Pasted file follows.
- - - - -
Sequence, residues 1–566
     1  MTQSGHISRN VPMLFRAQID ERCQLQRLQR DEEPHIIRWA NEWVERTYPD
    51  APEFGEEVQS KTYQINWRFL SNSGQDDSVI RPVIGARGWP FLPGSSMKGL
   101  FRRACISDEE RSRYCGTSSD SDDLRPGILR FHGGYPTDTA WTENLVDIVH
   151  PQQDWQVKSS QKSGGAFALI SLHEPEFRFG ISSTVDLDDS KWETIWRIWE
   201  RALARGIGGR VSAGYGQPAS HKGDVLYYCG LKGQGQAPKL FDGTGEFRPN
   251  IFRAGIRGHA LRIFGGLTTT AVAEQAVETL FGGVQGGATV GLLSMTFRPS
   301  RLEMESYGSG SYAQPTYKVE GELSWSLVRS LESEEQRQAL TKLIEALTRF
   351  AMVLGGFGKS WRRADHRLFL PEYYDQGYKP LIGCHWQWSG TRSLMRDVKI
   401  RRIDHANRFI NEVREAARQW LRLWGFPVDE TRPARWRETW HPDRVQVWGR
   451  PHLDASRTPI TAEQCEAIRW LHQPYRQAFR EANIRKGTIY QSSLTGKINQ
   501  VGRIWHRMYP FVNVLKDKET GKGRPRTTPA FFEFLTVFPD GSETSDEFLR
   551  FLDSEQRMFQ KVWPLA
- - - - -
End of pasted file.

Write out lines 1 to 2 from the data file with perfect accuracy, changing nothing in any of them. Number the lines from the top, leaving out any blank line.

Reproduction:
Sequence, residues 1–566
     1  MTQSGHISRN VPMLFRAQID ERCQLQRLQR DEEPHIIRWA NEWVERTYPD